Day 83: Stolen coaster

Day 83: Stolen coaster from Dominion League in Perth.

Day 84: Brush strokes 2

Day 84: Brush strokes 2. Acrylic on canvas. Working on a set from day 68http://sanlive.com/100-days-of-teacup-set-4/.

Day 85: Brush strokes 3

Day 85: Brush strokes 3. Acrylic on canvas.

Day 86: Brush strokes 4

Day 86: Brush strokes 4. Acrylic on canvas. The set is complete!

Day 87: Hobonichi teacup

Day 87: Hobonichi teacup. I am in love with my Hobonichi AVEC Cousin, a beautiful planner/notebook from Japan.

Day 88: Stencil teacup

Day 88: Stencil teacup, done with my 20-year old Caran D'ache crayons. The stencilling was what sold me on them - soft gradients, lovely colours.

Day 89: Teacups in my house 1

Day 89: Teacups in my house 1. A drawing in a mini-zine.

Day 90: Teacup on a woven table

Day 90: Teacup on a woven table. This table was given to us by previous neighbours as they were moving house. The woven top is rotting away; I plan to replace it with wood. Maybe jarrah or plain ol' pine, or whatever nice thing they have at Perth Wood School.

Day 91: Sewing drawing

Day 91: Sewing drawing. Kind of fun Would try again.

Day 92: Teacups in my house 2

Day 92: Teacups in my house 2. "Lintu" is Finnish for bird. :)

Day 93: The calm centre with tea

Day 93: The calm centre with tea. I received a letter from my penpal in The Netherlands. It had some stickers in it, one of which was a teacup!

Day 94: Tea and craggy biscuits

Day 94: Tea and craggy biscuits. Fountain pen ink on cotton paper.

Day 95: Fabric ink on calico

Day 95: Fabric ink on calico. Drawing testers for a sewing project.

Day 96: Waiting for tea

Day 96: Waiting for tea. Watercolour on cotton paper.

Day 97: Strawberry cup

Day 97: Strawberry cup, to match my new strawberry tower in the garden.

Day 98: Teacups in my house 3

Day 98: Teacups in my house 3.

Day 99: Teacups in my house 4

Day 99: Teacups in my house 4. There's actually a 5th type of teacup in my house too, but it's not very interesting to draw, and I can only fit 4 in the mini-zine.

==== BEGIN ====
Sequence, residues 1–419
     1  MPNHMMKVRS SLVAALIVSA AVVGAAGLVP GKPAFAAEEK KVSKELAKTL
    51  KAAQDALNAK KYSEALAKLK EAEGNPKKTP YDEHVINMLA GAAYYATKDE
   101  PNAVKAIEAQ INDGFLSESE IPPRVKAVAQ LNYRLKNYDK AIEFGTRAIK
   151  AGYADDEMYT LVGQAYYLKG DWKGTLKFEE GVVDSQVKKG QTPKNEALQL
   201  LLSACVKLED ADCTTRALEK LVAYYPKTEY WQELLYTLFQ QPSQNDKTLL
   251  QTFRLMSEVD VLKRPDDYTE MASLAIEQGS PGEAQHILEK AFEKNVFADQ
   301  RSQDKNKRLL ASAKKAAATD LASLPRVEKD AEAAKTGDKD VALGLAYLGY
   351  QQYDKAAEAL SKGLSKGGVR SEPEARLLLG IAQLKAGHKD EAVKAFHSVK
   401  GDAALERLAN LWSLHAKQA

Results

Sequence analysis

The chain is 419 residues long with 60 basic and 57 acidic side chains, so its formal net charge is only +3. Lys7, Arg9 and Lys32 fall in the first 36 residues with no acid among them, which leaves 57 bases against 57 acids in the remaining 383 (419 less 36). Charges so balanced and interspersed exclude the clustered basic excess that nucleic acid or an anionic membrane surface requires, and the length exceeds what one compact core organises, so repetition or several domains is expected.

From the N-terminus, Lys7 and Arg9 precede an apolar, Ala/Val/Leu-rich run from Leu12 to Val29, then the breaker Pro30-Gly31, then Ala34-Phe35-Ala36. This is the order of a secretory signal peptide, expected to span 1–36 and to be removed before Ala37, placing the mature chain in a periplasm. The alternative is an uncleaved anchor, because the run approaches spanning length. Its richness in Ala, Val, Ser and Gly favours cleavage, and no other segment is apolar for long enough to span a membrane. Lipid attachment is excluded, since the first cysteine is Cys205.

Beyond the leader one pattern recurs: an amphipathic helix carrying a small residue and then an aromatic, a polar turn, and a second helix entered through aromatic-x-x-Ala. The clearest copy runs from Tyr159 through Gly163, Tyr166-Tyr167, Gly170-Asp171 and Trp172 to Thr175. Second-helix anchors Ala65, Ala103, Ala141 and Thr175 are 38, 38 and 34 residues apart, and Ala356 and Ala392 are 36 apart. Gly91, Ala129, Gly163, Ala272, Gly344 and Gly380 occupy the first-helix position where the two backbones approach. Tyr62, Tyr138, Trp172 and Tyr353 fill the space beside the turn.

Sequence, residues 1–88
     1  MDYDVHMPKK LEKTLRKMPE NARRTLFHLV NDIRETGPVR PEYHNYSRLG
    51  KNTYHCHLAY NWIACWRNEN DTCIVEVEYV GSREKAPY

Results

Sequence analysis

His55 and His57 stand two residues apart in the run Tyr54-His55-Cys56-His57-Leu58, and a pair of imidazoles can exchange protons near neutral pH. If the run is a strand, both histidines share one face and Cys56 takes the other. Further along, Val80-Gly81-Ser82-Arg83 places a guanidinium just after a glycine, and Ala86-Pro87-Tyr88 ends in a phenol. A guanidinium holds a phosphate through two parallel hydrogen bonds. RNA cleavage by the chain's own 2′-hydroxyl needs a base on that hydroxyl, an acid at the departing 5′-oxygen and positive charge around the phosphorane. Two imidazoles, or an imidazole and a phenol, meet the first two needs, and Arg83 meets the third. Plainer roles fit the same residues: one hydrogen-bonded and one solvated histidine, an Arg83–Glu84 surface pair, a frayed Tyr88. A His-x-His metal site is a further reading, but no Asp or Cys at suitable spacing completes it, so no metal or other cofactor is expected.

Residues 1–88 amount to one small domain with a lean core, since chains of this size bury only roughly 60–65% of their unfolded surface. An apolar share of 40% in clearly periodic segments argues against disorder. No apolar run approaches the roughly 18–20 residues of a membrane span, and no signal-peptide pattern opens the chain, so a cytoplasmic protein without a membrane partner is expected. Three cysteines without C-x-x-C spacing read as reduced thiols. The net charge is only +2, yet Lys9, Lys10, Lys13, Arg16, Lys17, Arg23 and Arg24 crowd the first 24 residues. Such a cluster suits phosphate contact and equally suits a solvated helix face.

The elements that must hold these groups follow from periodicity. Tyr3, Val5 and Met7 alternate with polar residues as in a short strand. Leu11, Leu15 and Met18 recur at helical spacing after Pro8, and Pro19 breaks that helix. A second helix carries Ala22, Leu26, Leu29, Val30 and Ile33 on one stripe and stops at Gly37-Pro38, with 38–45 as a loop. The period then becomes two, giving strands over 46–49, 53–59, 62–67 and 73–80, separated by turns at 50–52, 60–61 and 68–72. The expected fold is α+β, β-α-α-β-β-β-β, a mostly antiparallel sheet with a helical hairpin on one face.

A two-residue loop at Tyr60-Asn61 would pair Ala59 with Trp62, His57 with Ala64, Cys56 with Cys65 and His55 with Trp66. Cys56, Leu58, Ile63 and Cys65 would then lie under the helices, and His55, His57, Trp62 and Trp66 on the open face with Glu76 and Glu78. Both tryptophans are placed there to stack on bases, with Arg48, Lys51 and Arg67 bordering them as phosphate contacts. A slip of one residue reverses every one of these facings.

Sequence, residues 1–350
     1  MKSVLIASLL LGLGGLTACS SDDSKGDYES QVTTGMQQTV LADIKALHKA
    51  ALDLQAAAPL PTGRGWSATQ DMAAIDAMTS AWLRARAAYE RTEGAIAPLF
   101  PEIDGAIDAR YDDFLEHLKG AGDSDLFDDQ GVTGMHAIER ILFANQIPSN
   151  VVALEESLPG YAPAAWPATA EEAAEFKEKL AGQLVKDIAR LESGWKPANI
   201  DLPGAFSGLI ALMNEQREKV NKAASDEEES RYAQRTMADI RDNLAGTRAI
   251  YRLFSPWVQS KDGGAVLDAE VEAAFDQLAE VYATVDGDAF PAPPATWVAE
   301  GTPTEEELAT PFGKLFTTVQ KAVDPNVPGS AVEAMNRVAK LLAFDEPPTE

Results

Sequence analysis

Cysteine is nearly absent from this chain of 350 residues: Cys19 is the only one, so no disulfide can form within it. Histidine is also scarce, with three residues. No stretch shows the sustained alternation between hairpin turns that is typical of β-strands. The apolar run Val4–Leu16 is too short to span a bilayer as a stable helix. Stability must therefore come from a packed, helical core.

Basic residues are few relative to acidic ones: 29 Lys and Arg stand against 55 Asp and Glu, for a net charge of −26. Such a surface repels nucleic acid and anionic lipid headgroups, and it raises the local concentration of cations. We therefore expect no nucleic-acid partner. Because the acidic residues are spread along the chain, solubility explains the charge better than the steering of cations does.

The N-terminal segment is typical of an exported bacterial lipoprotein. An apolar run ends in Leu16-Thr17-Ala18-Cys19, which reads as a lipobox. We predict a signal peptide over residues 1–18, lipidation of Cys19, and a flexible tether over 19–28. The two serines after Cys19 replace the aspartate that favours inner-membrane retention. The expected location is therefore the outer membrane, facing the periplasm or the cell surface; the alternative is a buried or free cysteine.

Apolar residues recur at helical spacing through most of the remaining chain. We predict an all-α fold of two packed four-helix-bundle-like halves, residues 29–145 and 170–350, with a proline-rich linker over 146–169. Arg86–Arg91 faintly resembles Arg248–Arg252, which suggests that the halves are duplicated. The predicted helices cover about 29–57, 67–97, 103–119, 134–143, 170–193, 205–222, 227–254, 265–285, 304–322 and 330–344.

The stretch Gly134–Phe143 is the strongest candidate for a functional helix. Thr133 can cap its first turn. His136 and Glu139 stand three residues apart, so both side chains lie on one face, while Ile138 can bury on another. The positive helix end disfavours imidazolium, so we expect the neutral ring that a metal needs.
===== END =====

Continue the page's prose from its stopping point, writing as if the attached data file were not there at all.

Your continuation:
Day 100: Acrylic on wood

Day 100: Acrylic on wood.

And that's it. :)))

Finishing felt great. Spending the following evening without this on my mind felt even greater. I went to training, I came home, I went to bed - THAT WAS IT.

Brush strokes set

It does not matter how slowly you go as long as you do not stop.

Not sure if Confucius actually said that, but it's a nice thought, especially in the context of this exercise. I started my 100 days hoping to develop more creative habits in my everyday life.

At the start, I was nervous about art, about my ideas being lame. But pretty quickly, it became apparent how little that matters. Coincidentally, perhaps through the Baader-Meinhof Phenomenon, this became apparent in other areas of my life too - that it doesn't matter if the idea is crap. You having done something makes it significantly better, and often enough, what you end up with will suffice.

In the weeks that followed, I realised art doesn't have to be complex or difficult. You can do some pretty cool things without too much effort or commitment. Sure, inspiration and innovation are fun, but it takes perseverance and focus to turn them into something you can appreciate. Effort makes an idea matter.

Reassuring, isn't it? To know you've already succeeded at something just by having a go. Whether you hit the target is immaterial - you could well hit it on your next go. Of course, we're only talking about trying out art projects here. Don't take this mentality to the Roulette table.

It's only been a few days since the project ended, but more than before, I feel in the habit of creating. I can't attribute this to any one cause. Having such an intense track record gets me feeling more capable and motivated. But it could just as easily be that my art supplies are conveniently arranged now, so it's easier to dive in and make something. Maybe it's simply coincidence, a by-product of our new house having a better layout and more room for tools. Maybe it's the combination of all these things.

Thank you, everyone, for your support, hearts, likes, comments, and advice. I'm glad I had a go. Whether the new habits stick remains to be seen, but for the moment, I got what I wanted out of it. And now I'm going to savour the feeling of it being over. :)

100 Days of Teacup (Set 4)

my little filofax

This little Filofax Pocket Metropol planner has been super useful in keeping track of teacup days. I've enjoyed ripping pages out as the weeks pass - a feeling that gets only more satisfying as we get closer to 100. :)

So, set 4.

Day 61: Envelope cutout

Day 61: Envelope cutout. If you've ever made a zine, you'll be familiar with the happy feeling of finding a cute pattern inside of boring official envelopes. Ah, joy in mundane things.

Day 62: Tea with cream

Day 62: Tea with cream. Fighting winter skin with Michael's Olivara Skin Cream. This makes it look like I'm conscientious about self-care, but that's a lie. My skin is scaly and crinkly, but I remembered to moisturise that day and celebrated with a teacup.

Day 63: Family crest

Day 63: Family crest. I stuffed up the Latin and had to fix it.

Day 64: Teacups in the paper

Day 64: Teacups in the paper. I wonder if the people in this picture will ever see the tea I served them.